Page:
At any time on Instagram, you can find an endless supply of at-home workouts to do while in quarantine. Honestly, I think it’s great that so many people are using the time constructively and helping inspire others. Networking, sharing ideas and learning from each other is my favorite aspect of the internet in general (as well as the dog and cat videos, of course). One thing I do notice in most of these workouts is that they consist of high-intensity interval exercises performed at break-neck speed. Now, hear me out. This isn’t a diss song, I promise. The research has shown HIIT to be a very effective training method for improved body composition, especially considering it’s more time-efficient than traditional steady state cardio (British Journal of Sports Medicine, 2019). However, the “high-intensity craze” has transformed into high-intensity obsession where these are the only workouts many people are doing.
It’s led to a culture where every single training session is pushed to failure and beyond, aiming for more reps within a time constraint. While friendly competition can be a great thing for our development and the growth of a healthy community, I believe we’re going too far. Many of the exercises in HIIT training are very high-impact and pose a potential risk of injury when performed incorrectly (this risk increases as we fatigue) and in excess. Add a ticking clock to this and there’s even more temptation to sacrifice technique just to squeeze out a few more reps. This has carried over to many strength workouts as well, performed at lightning speed so the trainee can hurry up and move onto the next exercise. My coach Mike always says to perform “as many reps as pretty.”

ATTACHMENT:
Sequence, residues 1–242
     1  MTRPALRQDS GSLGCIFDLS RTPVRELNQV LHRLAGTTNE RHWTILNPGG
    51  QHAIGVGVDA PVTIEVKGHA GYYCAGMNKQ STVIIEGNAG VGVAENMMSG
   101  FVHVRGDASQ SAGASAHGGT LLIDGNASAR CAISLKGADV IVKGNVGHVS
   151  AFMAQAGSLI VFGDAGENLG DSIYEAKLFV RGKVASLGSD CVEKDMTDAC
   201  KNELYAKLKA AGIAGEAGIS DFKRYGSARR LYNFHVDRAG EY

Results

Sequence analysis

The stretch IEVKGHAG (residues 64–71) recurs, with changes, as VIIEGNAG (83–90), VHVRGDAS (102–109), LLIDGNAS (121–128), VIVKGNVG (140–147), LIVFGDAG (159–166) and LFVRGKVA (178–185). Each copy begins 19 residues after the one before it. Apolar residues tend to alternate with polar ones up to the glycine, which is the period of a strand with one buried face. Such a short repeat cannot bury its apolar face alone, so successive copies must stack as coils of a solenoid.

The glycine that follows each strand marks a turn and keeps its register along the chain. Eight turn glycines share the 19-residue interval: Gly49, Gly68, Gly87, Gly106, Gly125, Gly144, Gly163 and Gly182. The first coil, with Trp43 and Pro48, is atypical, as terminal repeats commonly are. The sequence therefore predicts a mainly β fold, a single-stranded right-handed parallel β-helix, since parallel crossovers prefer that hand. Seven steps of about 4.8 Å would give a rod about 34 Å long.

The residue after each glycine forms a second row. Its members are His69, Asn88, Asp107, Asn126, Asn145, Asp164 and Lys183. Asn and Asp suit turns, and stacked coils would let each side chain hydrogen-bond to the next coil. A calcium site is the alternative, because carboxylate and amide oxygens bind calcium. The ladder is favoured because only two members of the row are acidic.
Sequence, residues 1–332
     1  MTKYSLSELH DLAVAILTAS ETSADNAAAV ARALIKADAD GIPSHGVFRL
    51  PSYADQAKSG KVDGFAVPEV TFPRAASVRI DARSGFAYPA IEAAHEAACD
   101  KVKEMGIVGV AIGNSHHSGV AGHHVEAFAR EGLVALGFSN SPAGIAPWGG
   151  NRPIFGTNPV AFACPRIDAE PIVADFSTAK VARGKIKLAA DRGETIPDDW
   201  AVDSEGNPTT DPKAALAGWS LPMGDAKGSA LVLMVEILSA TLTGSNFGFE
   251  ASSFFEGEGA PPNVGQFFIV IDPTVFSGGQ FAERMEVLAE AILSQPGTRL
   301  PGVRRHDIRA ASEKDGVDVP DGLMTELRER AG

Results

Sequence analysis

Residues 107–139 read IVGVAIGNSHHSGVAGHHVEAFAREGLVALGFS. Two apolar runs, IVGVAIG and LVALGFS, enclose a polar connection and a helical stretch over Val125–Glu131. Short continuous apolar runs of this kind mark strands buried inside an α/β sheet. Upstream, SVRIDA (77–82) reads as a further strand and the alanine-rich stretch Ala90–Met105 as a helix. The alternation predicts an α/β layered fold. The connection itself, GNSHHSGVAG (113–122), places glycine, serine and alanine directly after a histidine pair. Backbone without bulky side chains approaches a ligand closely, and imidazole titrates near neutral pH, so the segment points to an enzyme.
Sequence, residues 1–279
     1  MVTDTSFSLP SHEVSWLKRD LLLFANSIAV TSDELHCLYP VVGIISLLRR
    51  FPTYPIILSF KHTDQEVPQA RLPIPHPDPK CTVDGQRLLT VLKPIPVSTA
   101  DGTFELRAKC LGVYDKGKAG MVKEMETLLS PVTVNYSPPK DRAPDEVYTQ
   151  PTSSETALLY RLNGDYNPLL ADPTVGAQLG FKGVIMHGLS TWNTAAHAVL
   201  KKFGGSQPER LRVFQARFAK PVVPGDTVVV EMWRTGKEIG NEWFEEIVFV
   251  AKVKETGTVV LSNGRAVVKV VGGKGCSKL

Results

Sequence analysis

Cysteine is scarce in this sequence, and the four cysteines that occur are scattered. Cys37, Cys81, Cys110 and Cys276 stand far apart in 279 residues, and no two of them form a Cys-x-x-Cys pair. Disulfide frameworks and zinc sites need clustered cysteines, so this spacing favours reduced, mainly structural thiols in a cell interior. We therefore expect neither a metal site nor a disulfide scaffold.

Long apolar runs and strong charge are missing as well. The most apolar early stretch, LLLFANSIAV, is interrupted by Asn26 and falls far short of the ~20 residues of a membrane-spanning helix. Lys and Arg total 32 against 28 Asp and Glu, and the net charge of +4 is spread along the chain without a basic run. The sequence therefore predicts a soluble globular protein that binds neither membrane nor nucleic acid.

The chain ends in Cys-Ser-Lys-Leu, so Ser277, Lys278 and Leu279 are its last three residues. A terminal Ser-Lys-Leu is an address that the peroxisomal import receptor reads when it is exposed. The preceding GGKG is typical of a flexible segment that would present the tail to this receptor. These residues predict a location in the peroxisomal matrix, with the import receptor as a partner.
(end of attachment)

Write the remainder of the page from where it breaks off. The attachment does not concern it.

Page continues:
While there are many benefits to high-intensity interval training sessions, don’t forget about good old fashioned strength training. Moving your body weight and/or external loads with high tension is very effective for building muscle, increasing strength, power, endurance, improving bone density and body composition (ACSM, 2019). These exercises are performed slower, but with high-tension and muscular activation when done correctly. Look, I get it. They’re not as exciting as burpees, jumps, battle rope slams, but the classics still work. Push-ups, pull-ups, squats, deadlifts, rows and carries should be a part of any training program as they train the fundamental movement patterns and strengthen the whole body effectively. Just because they’re slower and not as cool-looking doesn’t mean they don’t work.
Now, here’s the answer that will encourage you. Don’t ditch the HIIT workouts, keep them! However, I challenge you to flip the script. Prioritize strength. Select the strength movements/tools you want and aim to master them. Not every movement has to be performed super fast, give each rep the attention it deserves. Own the position, get tight and get brutally strong. Do this in addition to your HIIT training and you’ll become unstoppable.
To your lifelong health and success,
Fiataraone Singh, Maria; Hackett, Daniel; Schoenfeld, Brad; Vincent, Heather K.; Wescott, Wayne | Jul 31, 2019
Viana RB, Naves JPA, Coswig VS, et al Is interval training the magic bullet for fat loss? A systematic review and meta-analysis comparing moderate-intensity continuous training with high-intensity interval training (HIIT) British Journal of Sports Medicine 2019;53:655-664.
Here’s a simple yet effective full-body workout that builds strength, muscle and burns fat!
For some content on the lighter side, we started a new series called: Beers, Bells and Bro’s. We sit around, enjoy a beverage and give you our take on the fitness industry and other topics!